Pesticide-free production remains difficult in fruit and vegetable production due to the many species of insects and diseases that can damage crops. Currently, production under exclusion nets makes it possible to reduce the damage caused by several pests in apple production to an acceptable level, but the exclusion nets currently on the market act strictly as a passive mechanical barrier against the intrusion of these pests. pests. This project therefore aims to design exclusion nets made of biodegradable polymers that can be loaded with bioactive compounds (attractants or repellents) in order to control a large number of pests with a minimum of risk to health and the environment, in addition to represent an innovative approach.
Bioactive compounds can include: small biological control agents such as parasitoids that can be adsorbed on the surface of nets or different chemical mediators (pheromones, kairomones and allomones) that affect the behavior of pest insects and mites. These bioactive compounds can be used in different ways to reduce crop damage, but currently there are the following main applications that will be tested in the laboratory and in the field; (1) trichogramma netting spray for obliquebanded leafroller control, (2) alarm pheromone impregnation to repel aphids, and (3) sex pheromones for obliquebanded leafroller mating disruption (OBB).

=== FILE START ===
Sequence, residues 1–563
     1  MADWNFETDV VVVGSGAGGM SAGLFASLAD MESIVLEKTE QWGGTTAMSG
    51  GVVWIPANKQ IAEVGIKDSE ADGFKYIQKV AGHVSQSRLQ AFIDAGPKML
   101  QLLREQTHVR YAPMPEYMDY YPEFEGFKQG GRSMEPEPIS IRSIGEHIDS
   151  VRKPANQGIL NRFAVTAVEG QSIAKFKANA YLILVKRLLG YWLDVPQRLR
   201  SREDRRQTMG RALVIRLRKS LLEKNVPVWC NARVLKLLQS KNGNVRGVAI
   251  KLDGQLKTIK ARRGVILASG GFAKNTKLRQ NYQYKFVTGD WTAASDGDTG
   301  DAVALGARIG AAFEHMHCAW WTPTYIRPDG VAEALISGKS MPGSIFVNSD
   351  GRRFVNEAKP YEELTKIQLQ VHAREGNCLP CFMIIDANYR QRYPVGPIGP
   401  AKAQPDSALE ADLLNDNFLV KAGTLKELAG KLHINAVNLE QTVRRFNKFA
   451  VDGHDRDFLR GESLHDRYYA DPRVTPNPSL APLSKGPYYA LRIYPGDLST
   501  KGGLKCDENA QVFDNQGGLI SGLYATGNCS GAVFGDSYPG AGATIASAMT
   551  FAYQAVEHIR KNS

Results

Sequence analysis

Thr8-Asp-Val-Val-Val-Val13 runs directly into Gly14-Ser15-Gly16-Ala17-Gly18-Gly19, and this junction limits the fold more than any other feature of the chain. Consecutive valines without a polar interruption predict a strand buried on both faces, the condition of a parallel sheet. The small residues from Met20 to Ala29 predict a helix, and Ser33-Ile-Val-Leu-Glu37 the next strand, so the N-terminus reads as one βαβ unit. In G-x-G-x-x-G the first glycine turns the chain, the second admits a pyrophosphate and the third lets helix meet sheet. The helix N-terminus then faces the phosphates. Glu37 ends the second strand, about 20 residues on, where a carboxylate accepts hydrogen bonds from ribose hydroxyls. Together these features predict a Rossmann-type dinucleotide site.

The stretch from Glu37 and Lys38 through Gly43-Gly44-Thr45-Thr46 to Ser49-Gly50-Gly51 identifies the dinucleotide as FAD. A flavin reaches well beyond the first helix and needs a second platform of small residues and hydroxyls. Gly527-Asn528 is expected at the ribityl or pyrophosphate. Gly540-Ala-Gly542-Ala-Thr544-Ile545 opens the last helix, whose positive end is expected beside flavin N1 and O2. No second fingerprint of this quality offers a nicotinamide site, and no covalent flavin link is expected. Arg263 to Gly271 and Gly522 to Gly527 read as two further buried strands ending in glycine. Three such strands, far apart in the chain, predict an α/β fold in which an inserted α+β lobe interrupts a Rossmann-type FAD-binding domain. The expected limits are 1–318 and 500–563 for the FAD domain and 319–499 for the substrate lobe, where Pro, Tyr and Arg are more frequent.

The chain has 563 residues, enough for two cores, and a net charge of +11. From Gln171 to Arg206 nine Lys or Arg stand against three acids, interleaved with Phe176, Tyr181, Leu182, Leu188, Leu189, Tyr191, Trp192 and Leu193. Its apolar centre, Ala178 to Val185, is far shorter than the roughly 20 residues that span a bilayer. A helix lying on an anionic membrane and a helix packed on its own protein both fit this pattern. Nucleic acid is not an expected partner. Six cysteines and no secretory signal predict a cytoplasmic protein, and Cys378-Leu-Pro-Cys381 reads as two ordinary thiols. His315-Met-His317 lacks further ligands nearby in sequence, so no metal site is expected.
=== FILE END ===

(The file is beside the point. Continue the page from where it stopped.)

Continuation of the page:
Develop a process for modifying the surface of polymer nets to ensure the impregnation of bioactive compounds while preserving their mechanical properties.
Characterize sorption/desorption/resorption cycles of bioactive compounds in order to ensure the effective reuse of nets.
Evaluate in the laboratory and in the field the entomological effects of bioactive compounds released by the nets on different species of insect pests harmful to the orchard.
From 2020 to 2024
Fruit production, Market gardening
École Polytechnique de Montréal
CRSNG-Alliance et Prima-Québec
Exclusion nets have proven to be effective against nearly all of these insect pests, which means that it’s possible to develop apple growing practices in Québec that are not only neonicotinoid free, but also devoid of all pesticides (including acaricides, given that mite problems are a consequence of broad-spectrum insecticide use). Although the net exclusion microsystem studied in Québec since 2012 has demonstrated its effectiveness in controlling insect pests, some issues remain to be studied before it can be unreservedly recommended. Among these are the handling times for the nets, i.e., installation/removal and opening/closing, and the system’s profitability and durability over the long haul for various cultivars.
Researcher: Mikaël Larose
The purpose of this project is to test the general hypothesis that biobased polymers can be used to replace fossil-fuel-based products and reduce the use of pesticides without increasing GHG emissions.
The goal of the project is to select a strain of the mullein bug to control two spotted and red spider mites when populations tend to explode.
Researcher: Daniel Cormier